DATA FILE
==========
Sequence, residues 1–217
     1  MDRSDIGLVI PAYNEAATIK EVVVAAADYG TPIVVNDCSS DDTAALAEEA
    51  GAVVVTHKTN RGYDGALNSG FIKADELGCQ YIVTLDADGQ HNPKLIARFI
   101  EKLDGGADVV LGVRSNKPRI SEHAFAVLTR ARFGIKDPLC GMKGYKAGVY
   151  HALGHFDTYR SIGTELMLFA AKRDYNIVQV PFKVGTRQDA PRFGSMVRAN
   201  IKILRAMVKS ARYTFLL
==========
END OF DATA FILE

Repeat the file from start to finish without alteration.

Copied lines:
Sequence, residues 1–217
     1  MDRSDIGLVI PAYNEAATIK EVVVAAADYG TPIVVNDCSS DDTAALAEEA
    51  GAVVVTHKTN RGYDGALNSG FIKADELGCQ YIVTLDADGQ HNPKLIARFI
   101  EKLDGGADVV LGVRSNKPRI SEHAFAVLTR ARFGIKDPLC GMKGYKAGVY
   151  HALGHFDTYR SIGTELMLFA AKRDYNIVQV PFKVGTRQDA PRFGSMVRAN
   201  IKILRAMVKS ARYTFLL